“These are amazing, but I kind of wanted a small house.”


“When I was a kid we lived in a small house- 6 people and one bathroom. We had to schedule our showers….and when one person was cooking, suddenly the other 5 needed to be in the kitchen. We would all be squished in there like sardines, but we didn’t mind. Our house didn’t have a lot of room, but you were never lonely. The windows were always open, and you could hear laughter, or crazy conversations- or sometimes yelling- if you walked by. When Daddy and I moved into our first apartment I couldn’t sleep for weeks because I couldn’t hear my dad in the living room watching tv. That 1-bedroom apartment seemed huge! I didn’t like all the empty space; I was so used to the noise and the closeness. And that’s what I want for you and your sister- but with 2 bathrooms.”

“That sounds like our house now!” Vince exclaimed.

“Exactly. When we pulled up to our house I said ‘Oh my gosh it’s like a gingerbread cottage!’ I knew right away it was the one. I know these are beautiful- and believe me, I wouldn’t say no if someone wanted to hand me the keys to one of them- but I’m a big fan of being cozy and close. You make so many nice memories that way.”

I kept replaying that conversation as Marty dragged me up the hill. I wasn’t sure if Vince would ever “get” it- why his mother wanted everyone banging into walls and bumping elbows.

I can’t help it. It’s what I’ve always known and grown to love- being cozy and close.

I love watching Vince and Pat chasing each other from the bedroom to the living room with the Nerf guns he got for Christmas, knocking into furniture and picture frames along the way.

I love that I can hear either of my kids crying without a baby monitor, and I can be in their bedrooms cuddling their bad dreams away as soon as they wake from them.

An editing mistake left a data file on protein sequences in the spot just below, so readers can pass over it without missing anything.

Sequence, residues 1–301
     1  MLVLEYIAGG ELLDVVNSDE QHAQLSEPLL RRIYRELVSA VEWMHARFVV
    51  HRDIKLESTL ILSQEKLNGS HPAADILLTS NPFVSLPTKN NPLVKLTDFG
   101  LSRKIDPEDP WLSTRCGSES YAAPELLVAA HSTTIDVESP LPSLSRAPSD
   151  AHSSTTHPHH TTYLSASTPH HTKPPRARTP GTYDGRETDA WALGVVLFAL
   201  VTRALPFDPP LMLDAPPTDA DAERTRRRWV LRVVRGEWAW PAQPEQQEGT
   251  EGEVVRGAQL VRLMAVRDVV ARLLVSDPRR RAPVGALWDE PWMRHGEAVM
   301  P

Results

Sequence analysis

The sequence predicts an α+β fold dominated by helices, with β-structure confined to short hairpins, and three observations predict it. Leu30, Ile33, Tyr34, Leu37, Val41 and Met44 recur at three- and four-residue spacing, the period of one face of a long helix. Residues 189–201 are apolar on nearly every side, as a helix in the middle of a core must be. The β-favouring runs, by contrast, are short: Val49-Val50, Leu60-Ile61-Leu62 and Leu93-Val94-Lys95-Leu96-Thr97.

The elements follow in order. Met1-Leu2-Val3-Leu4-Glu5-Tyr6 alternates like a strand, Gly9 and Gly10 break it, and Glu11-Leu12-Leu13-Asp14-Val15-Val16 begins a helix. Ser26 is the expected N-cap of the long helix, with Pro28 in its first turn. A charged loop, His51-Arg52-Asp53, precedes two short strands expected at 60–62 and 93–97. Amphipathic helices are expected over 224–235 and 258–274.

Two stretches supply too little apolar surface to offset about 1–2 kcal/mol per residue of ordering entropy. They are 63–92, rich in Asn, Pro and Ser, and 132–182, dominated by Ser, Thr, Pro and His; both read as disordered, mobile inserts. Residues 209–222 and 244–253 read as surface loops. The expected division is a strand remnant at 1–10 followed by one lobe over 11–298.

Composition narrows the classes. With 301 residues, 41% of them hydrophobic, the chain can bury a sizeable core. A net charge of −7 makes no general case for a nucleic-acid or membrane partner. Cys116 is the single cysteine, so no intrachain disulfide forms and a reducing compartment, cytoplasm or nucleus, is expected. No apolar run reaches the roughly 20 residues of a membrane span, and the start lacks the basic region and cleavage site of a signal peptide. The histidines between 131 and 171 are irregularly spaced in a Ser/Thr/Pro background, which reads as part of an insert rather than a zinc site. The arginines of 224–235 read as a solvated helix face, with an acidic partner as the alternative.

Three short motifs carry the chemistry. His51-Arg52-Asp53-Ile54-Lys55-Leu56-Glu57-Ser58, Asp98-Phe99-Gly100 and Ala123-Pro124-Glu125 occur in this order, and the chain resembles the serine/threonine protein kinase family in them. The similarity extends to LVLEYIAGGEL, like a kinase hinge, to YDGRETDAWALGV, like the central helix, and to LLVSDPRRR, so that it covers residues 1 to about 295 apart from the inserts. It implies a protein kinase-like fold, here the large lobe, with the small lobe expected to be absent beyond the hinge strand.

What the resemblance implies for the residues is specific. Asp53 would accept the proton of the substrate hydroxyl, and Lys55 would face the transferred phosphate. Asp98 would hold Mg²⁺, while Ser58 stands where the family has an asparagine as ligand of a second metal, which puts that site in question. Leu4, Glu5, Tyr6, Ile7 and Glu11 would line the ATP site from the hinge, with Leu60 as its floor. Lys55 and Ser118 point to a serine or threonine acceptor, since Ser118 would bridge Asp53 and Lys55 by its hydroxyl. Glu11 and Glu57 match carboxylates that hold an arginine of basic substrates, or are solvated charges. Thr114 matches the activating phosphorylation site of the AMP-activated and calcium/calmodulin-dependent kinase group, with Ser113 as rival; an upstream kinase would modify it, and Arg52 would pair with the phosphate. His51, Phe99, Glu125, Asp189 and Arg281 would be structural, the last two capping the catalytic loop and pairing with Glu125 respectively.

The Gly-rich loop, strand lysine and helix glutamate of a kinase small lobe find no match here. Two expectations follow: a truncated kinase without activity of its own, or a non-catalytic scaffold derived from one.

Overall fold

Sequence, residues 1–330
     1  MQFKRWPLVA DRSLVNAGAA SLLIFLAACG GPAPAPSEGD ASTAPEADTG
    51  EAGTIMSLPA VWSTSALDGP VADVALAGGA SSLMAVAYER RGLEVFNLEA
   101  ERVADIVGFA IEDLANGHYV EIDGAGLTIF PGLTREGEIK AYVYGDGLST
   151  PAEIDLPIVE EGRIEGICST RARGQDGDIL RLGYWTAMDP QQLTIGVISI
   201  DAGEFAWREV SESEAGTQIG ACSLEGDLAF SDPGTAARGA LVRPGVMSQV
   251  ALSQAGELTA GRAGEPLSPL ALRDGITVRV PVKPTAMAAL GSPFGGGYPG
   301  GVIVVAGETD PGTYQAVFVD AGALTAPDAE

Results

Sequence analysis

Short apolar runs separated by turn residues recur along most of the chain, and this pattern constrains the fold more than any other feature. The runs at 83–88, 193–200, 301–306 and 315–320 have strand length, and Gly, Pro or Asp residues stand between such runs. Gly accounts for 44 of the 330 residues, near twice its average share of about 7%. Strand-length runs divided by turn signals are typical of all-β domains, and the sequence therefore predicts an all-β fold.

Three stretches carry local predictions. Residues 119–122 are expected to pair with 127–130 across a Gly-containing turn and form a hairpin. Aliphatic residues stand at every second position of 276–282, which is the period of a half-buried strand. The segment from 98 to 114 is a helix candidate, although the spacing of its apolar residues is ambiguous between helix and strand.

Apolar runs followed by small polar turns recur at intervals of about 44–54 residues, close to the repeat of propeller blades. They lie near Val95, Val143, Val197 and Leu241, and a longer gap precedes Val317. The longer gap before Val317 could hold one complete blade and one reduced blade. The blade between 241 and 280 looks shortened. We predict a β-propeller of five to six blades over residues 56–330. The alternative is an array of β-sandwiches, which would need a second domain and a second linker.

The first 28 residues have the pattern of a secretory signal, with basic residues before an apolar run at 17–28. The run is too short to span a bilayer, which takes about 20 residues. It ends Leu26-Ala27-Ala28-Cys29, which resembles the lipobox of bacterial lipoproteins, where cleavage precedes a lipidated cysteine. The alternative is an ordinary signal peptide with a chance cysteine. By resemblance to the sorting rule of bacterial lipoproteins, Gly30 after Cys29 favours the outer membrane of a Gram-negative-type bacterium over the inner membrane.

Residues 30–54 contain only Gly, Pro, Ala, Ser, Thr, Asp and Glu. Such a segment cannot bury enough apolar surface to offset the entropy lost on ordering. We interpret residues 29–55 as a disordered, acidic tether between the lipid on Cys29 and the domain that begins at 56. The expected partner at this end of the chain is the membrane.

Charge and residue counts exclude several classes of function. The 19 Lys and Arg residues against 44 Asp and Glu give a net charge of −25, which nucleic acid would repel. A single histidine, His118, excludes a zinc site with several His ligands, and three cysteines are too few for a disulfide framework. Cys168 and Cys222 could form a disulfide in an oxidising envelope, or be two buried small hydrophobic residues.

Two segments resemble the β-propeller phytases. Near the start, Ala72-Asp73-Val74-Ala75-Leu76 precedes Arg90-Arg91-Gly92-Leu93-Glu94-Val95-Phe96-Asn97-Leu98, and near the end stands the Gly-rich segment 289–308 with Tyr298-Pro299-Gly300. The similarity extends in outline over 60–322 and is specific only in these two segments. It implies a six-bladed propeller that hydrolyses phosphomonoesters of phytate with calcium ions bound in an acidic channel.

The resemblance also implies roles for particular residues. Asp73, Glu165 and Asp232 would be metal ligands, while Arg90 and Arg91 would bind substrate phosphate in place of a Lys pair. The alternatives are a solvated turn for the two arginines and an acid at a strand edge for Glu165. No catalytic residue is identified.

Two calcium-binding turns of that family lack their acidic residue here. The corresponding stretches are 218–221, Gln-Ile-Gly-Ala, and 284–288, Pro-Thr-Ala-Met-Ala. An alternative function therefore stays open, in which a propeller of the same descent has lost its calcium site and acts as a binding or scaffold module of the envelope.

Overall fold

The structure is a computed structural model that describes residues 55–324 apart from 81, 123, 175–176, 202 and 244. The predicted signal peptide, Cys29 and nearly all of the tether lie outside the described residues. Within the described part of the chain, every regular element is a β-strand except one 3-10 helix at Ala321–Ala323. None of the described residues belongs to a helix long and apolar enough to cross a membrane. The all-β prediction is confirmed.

I love Sunday afternoons, when I cook and bake while doing a delicate dance around 2 kids sitting on the counters and 2 dogs lying at my feet in a 6×8 kitchen. (I’m proud to report I have never clunked anyone in the head with a pot, pan, or baking sheet! Yet!)

I love that I can hear Gracie giggling in her bedroom while I sip my morning coffee in the dining room.

I even love how, even though we have two bathrooms, I usually have one kid sitting on the toilet chatting with me while I shower.

Maybe it would be nice to have a little more elbow room…but I wouldn’t trade any of it for the biggest house on the block (well, maybe the gorgeous blue one with the fence – ok fine not even that one).

After Marty had done her fair share of prancing, sniffing and clumsily banging into shrubbery, we trotted down the hill and back home. Through the opened blinds I could see our warmly-lit Christmas tree, the quirky antique dining room ceiling lamp, a red-headed child staring at me-


“Why are you awake?!” I whisper-yelled as I got to the door.

“It’s 10:15- I tucked you in a half hour ago!”

“I missed you.”

“I was only up the street, Vince.”

“I know, but I got lonely knowing you weren’t right in the next room. Now that you’re back I can fall asleep. Can you tuck me in so I’m warm and cozy, Mommy?”

A smile slowly spread across my frozen cheeks.

He gets it.